Whitehall commissioners look set to take over running parts of Liverpool City Council as a corruption probe into the town hall continues.
Communities secretary Robert Jenrick announced the proposal after a report by local government inspector Max Caller uncovered a “serious breakdown of governance” at the authority.
The report, published on Wednesday, followed five arrests, including that of elected mayor Joe Anderson on suspicion of conspiracy to commit bribery and witness intimidation.
Jenrick told MPs the council was “failing to comply” with its commitment to taxpayers and inspectors had uncovered “a worrying lack of record-keeping” and the “awarding of dubious contracts”.
The minister said the report was “not a verdict” on the authority’s staff, but that evidence of an “overall atmosphere of intimidation” had been found.
Jenrick said he was writing to the council to outline an intervention package “centred on putting in place commissioners who I will appoint” to run aspects of the council for three years.
He told the Commons: “I am also proposing that the council will, under the oversight of the commissioners, prepare and implement an improvement plan.”
Outlining a “deeply concerning picture of mismanagement, breakdown of scrutiny and accountability” at the council, he said: “As a whole, the report is unequivocal – that Liverpool City Council has failed in numerous respects to comply with its best value duty.
“It concludes that the council consistently failed to meet its statutory and managerial responsibilities and that the pervasive culture appeared to be rule avoidance.
“It further concludes that changes need to be radical, delivered at pace, and there was no confidence that the council itself would be able to implement these to any sensible timescale.
“There may also be further issues of which we are not yet aware, and the report is careful not to speak to matters that might compromise the ongoing police investigation.”
The council’s director of regeneration, Nick Kavanagh, was also arrested as part of the police probe into building and development contracts in the city, and this week it was confirmed he had been dismissed from his role at the authority.
In a statement to the Liverpool Echo, he said he intended to clear his name at a tribunal.
Anderson, 63, has also denied any wrongdoing.
Merseyside Police said all suspects remain under investigation but bail has not been extended.
Jenrick said a programme of “cultural change” is expected to ensure members and officers “understand their roles”, adding he hopes Liverpool City Council will “take the lead in the path to improvement”.
He said: “Given the gravity of the inspection findings, I must consider what would happen if the council fails to deliver the necessary changes at the necessary speed.
“I’m consequently proposing to direct the transfer of all executive functions associated with regeneration, highways and property management at the authority to the commissioners. These are for use should the council not satisfy the commissioners in their improvement processes.
“I hope it won’t be necessary for the commissioners to use these powers, but they must be – in my view – empowered to do so to deliver the reforms that are required.”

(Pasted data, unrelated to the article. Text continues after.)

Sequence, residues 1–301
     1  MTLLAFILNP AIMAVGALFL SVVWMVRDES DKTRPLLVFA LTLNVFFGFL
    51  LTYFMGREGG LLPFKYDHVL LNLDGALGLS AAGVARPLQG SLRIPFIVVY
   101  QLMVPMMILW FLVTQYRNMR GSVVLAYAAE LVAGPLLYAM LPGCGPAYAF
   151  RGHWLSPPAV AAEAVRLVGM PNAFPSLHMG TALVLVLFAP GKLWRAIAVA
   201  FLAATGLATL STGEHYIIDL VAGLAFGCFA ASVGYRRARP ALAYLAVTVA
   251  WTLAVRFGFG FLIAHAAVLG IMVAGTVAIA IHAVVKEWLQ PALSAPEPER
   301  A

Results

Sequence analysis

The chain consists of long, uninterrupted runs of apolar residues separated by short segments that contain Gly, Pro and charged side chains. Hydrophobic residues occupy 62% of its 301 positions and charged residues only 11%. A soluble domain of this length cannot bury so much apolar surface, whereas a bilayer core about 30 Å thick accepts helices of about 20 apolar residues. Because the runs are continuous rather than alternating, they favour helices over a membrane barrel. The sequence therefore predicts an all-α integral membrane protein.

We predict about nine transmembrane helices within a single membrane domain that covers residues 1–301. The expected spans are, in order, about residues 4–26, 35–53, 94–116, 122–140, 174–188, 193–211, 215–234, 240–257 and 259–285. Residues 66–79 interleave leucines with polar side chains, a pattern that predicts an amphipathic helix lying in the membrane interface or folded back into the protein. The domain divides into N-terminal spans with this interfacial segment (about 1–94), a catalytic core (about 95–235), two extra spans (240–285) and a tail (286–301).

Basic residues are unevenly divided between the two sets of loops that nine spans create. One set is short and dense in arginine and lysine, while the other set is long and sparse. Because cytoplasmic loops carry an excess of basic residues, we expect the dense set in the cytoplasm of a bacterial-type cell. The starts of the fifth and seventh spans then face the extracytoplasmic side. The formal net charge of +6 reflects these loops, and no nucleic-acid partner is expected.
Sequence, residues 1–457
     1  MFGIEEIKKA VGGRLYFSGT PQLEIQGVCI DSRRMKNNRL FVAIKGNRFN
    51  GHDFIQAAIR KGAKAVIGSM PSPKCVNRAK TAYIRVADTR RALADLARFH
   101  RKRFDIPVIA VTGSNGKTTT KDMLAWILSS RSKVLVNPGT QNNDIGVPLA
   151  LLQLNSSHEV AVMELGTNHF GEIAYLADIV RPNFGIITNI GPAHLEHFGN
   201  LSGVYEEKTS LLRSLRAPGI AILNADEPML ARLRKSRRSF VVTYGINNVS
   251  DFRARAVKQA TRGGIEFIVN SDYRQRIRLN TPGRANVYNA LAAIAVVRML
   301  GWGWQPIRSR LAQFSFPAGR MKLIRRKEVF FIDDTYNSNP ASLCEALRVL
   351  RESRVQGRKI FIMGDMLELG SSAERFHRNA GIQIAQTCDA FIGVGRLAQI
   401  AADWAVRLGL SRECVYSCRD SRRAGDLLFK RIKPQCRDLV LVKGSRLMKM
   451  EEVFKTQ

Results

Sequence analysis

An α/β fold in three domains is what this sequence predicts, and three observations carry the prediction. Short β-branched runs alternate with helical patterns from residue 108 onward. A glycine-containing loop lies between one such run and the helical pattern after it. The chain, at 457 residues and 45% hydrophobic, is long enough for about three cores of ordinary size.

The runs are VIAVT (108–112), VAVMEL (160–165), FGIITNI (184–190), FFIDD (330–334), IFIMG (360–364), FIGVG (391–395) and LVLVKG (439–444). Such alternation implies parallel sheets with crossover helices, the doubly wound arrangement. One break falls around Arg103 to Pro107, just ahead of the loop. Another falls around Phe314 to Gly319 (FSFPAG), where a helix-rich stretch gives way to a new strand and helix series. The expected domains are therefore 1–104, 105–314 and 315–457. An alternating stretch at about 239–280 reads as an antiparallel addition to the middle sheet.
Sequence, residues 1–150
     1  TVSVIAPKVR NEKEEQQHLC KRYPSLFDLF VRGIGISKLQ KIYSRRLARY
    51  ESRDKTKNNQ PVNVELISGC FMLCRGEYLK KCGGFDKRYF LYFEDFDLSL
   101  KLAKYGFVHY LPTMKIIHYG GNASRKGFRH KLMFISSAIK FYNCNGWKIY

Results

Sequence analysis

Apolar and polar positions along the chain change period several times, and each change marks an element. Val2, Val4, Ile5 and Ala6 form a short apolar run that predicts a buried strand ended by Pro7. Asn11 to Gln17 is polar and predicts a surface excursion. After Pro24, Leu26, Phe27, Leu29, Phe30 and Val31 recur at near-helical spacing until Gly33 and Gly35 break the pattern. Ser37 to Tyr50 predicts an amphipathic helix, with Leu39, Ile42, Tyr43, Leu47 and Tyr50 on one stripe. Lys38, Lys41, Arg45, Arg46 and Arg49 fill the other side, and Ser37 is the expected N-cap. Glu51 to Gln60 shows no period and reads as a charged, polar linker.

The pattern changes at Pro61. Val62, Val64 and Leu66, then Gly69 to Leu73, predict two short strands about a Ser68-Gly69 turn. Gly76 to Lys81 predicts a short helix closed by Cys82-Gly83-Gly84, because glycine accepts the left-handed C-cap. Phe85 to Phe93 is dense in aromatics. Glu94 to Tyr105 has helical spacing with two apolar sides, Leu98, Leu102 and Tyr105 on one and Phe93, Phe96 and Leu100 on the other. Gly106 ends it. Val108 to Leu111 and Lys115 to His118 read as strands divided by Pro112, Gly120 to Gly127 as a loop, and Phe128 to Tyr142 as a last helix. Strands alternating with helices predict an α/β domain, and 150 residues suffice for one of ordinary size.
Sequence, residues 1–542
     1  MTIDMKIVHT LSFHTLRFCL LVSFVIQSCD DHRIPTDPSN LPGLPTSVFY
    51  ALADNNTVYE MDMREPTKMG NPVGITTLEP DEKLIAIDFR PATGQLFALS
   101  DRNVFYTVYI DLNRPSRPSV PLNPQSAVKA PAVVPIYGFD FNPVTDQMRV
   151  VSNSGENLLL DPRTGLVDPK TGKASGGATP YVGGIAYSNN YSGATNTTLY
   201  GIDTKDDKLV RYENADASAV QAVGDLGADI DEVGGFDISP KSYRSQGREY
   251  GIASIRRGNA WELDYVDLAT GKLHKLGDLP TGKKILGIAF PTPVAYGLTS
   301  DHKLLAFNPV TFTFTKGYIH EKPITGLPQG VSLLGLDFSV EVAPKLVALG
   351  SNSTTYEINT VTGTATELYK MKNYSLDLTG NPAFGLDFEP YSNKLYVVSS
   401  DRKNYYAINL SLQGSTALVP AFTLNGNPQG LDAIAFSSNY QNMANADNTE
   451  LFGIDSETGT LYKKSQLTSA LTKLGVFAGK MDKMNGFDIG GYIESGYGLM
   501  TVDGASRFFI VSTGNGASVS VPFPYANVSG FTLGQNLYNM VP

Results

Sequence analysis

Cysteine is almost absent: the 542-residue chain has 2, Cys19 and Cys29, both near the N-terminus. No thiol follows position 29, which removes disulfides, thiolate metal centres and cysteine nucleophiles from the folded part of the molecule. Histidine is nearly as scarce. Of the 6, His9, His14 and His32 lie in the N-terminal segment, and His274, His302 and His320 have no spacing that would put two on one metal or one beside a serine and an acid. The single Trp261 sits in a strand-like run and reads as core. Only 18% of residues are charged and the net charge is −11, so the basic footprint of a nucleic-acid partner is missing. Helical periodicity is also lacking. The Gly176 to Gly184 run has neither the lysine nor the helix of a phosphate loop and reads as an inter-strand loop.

Jenrick said he is proposing Liverpool City Council will move to “whole council” elections from 2023, along with a proposal for a reduced number of councillors elected on single member wards.
He said he expects to receive representations in response to the report by May 24 and the forthcoming elections will proceed as planned in May.
Responding to Jenrick, shadow communities secretary Steve Reed said it was wrong to characterise the move as a “Tory takeover” of Liverpool.
He told the Commons: “This report raises grave and serious concerns about decision-making in key functions of Liverpool City Council. All councils are under an obligation to meet their best-value duty to ensure value for money at all times. In these respects, Liverpool City Council has been found severely wanting. Labour, both here and our leadership at the city council, accept this report in full.
“The council will respond to (Jenrick’s) letter in detail but we support his intention to appoint commissioners, not at this stage to run the council, as he says, but to advise and support elected representatives in strengthening the council’s systems. This is a measured and appropriate approach.
“I want to reassure people in Liverpool that this does not mean Government ministers are coming in to run their city directly. This is not, as some would put it, a Tory takeover.
Liverpool has become a byword for anti-Tory sentiment – the city last had a Conservative MP 38 years ago and its last Conservative councillor lost his seat 23 years ago.
Derek Hatton, who was a member of Labour’s Militant faction and deputy mayor of the city council in the 1980s, said on Twitter: “Today could see the most outrageous and politically corrupt front to local democracy any of [us] have ever witnessed.
“Even in the ’80s Thatcher stopped short of imposing commissioners [...] after she threw 47 of us out, local elections allowed 47 new Labour councillors to be then elected.”
Tom Crone, leader of the city’s Green Party group, said on Twitter: “If the government takes over Liverpool Council, that would be a disaster for the city. That we are even talking about it is a shocking indictment of this Labour administration.”
The focus of Caller’s investigation is on property management, regeneration, highways, contracts and planning at the council over the past five years.
Local elections, including a vote to elect Anderson’s successor, are due to take place in May.